Probably. A properly made dental night guard actually reprograms muscles and nerve pathways. Don’t bother with cheap appliances you can buy at a drugstore or online – they aren’t as effective. If you have acute symptoms, a soft diet may be recommended for a period of time. The dentist may also suggest applying a cold or heat pack to the jaw. Some dentists may want to use an electrical stimulus machine on your facial muscles, called a TENS device – but this is unproven and highly controversial. In severe cases, some patients have had Botox injected into the “chewing” muscles to weaken their ability to clench. But this is expensive and has to be repeated every six months or so – and there’s little scientific evidence supporting it. Sometimes, medications are prescribed: muscle relaxants, pain relievers, anti-inflammatories or sleeping pills. Some dentists also may want to even out your bite by reshaping the tooth enamel, which can be very tricky. They had better be very well trained.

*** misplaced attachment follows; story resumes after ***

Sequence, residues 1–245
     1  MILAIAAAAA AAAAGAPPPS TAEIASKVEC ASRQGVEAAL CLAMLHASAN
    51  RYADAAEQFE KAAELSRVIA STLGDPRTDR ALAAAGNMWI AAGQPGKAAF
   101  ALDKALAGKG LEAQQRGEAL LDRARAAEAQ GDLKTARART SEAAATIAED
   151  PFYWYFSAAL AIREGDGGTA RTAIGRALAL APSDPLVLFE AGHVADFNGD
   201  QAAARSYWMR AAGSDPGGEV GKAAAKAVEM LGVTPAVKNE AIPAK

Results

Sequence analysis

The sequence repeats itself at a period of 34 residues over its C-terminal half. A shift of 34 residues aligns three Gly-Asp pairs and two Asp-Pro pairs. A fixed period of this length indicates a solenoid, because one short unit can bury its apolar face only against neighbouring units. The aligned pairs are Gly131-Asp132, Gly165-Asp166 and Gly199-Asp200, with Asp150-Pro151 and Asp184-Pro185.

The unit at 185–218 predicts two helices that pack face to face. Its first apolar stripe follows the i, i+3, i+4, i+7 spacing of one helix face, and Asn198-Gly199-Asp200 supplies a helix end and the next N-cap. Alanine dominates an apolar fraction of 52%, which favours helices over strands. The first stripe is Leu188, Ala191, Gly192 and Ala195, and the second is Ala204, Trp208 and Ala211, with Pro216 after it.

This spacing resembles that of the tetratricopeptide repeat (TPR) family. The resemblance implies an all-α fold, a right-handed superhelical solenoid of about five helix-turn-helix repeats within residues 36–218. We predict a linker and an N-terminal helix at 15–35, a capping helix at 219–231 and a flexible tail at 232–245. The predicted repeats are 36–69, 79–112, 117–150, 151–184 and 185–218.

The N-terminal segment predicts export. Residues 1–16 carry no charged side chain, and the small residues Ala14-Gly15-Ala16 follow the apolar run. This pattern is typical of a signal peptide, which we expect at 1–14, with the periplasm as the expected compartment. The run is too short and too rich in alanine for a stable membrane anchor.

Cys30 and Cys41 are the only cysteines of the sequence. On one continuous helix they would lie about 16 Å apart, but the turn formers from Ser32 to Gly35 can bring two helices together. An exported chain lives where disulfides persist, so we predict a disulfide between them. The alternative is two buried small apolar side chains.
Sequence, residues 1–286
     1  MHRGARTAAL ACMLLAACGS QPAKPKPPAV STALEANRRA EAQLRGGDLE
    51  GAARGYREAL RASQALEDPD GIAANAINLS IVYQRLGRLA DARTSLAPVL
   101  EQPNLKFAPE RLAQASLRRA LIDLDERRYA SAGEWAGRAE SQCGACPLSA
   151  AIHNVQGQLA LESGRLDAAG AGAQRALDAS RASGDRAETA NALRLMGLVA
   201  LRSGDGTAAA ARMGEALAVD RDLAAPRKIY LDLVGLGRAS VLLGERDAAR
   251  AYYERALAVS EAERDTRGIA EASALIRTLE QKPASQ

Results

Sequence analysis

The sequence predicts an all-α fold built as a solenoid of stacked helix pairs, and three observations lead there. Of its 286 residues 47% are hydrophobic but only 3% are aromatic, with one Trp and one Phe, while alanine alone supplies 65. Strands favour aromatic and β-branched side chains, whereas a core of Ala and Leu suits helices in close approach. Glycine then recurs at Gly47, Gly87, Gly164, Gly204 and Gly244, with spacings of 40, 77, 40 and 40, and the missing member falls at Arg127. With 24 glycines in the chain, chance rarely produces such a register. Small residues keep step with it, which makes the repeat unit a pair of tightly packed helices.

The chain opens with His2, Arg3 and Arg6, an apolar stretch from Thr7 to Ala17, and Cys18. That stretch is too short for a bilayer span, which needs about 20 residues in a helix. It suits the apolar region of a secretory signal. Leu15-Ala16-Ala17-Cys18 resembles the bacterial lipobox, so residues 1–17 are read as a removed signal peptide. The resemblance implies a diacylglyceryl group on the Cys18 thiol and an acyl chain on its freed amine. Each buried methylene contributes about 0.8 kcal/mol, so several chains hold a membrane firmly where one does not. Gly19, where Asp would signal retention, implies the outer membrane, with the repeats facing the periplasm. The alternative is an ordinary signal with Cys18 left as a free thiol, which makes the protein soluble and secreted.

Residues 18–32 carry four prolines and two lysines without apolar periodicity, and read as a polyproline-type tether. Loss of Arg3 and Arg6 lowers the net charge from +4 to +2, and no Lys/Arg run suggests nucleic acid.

This should be done if agreed upon by all before the dental night guard is made. Your dentist may make models of your teeth to study or send you for a consultation with an orthodontist. As a last resort, they may suggest major dental work to even out the stresses on your bite. This may include crowns in the back, and/or caps (porcelain crowns or veneers, which only cover the visible half of the tooth) in the front to re-establish your proper smile. Before committing to this expensive, permanent treatment – which requires shaving teeth down – you can usually test out “fake” work beforehand, using plastic to lengthen your front teeth. And last, but still important, you should learn these lifestyle habits:
- Eat a nutritious, low-calorie diet
- Engage in regular sports and aerobic exercise
- Maintain low consumption of alcohol
- Don’t smoke
- Avoid recreational drugs
- Have loving friends, and give to others on a regular basis
- Get plenty of good sleep